The purpose of this short study is to further strengthen my understanding of Māori concepts and principles to evaluate how they can be identified in the context of what I observe in my daily practice as an early childhood teacher. Based on this evaluation I hope that I can incorporate an outlook to further develop my bicultural practice.

There is no clear English definition of manaakitanga as my online search found a number of different definitions under this Māori principle. The Māori dictionary defines manaakitanga as 1. (noun) hospitality, kindness, generosity, support - the process of showing respect, generosity and care for others.


There doesn't seem to be any singular meaning to manaakitanga but from what I can gather it incorporates a number of different meanings in different contexts. The root word manaaki suggests concepts around kindness and respect.

After reading this initial description of manaakitanga I felt that there was a connection or link to our curriculum as the broad meaning weaves in to the strands from a holistic approach and perspective. For example, “Children's learning and development are fostered if the well-being of their family and community is supported; if their family, culture, knowledge and community are respected; and if there is a strong connection and consistency among all the aspects of the child's world” (Ministry of Education, 1996, p.42). This could relate to manaakitanga as it looks at the child's well-being in a holistic sense.

From a teacher perspective I often have a kōrero with children around caring for the environment. This has also included our indoor environment where tamariki need to demonstrate a caring and respect for the resources that are theirs to explore and play with. These discussions and meetings often set the ground rules which are established by children, and when necessary they can then be reminded of their own rules that they have set for themselves.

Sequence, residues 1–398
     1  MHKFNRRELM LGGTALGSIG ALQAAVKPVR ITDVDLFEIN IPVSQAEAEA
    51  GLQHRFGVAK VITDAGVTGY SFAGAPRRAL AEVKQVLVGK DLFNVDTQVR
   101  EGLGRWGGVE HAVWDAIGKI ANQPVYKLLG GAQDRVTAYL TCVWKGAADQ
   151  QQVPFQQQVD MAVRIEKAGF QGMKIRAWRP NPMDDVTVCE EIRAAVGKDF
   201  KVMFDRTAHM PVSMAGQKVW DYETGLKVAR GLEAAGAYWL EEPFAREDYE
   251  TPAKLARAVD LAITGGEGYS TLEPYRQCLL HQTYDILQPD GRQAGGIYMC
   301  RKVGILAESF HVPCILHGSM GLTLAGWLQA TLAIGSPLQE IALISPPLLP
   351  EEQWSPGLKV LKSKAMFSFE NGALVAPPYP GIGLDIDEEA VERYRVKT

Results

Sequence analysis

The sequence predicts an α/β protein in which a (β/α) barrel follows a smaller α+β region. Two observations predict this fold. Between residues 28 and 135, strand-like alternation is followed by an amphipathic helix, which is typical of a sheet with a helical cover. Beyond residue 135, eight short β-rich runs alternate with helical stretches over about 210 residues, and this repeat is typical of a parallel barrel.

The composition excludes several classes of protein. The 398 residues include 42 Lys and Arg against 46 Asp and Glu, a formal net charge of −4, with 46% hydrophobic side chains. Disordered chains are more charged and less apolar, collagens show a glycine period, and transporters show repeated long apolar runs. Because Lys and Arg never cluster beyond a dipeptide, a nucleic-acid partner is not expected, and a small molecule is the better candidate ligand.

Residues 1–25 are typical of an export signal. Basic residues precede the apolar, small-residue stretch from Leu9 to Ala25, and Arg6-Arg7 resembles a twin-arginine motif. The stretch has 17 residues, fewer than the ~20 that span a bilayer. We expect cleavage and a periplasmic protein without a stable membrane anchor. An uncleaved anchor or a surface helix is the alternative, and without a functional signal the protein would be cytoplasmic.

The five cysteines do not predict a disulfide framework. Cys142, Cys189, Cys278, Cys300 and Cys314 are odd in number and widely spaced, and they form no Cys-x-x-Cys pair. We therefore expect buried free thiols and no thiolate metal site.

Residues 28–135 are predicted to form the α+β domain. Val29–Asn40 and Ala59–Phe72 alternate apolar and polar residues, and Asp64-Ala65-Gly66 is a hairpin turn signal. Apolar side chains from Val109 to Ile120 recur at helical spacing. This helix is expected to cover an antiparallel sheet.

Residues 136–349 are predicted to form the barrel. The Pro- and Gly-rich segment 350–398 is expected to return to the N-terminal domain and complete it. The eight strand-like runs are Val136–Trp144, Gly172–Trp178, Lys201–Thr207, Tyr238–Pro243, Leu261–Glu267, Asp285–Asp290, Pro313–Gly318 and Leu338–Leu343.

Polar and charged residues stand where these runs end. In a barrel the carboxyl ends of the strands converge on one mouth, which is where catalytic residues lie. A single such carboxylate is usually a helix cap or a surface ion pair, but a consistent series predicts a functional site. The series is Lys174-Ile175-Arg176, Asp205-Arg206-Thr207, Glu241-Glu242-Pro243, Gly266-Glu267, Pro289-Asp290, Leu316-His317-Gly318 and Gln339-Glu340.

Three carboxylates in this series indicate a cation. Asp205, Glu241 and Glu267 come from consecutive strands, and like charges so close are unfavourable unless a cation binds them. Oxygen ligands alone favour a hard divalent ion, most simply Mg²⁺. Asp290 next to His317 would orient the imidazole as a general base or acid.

Nurturing and building on relationships is also manaakitanga, an essential element within the framework of an early childhood environment. I relate this aspect of manaakitanga to the 'Incredible Years Programme' where they acknowledge the importance of building strong relationships with tamariki and whānau.

Respect in my opinion is an extremely important value to comprehend and an important concept for tamariki to be aware of as they develop in to capable and competent learners. I have found that the best way to demonstrate this value is to show it in my own interaction with children, whānau, colleagues, and the environment I am in. The attitude we demonstrate in an early childhood environment is picked up by tamariki and that is why I consider it extremely important to model this value.

A while ago we used to visit a rest home that was quite close to our centre. In many ways I thought this exposure to the elderly and their attitude and behaviour there offered the children a platform to respect elders. During these visits it never ceased to amaze me when I saw the rest home residents faces brighten when they interacted with young children.

As I continue on my journey to build on my bicultural practice I hope to investigate other Māori concepts and principles for my own understanding and how I can identify with them in an early childhood setting.

Māori Dictionary -
Kōrero Māori
Te Whāriki. He Whāriki Mātauranga mō ngā Mokopuna o Aotearoa (1996). Early Childhood Curriculum. Learning Media, Wellington.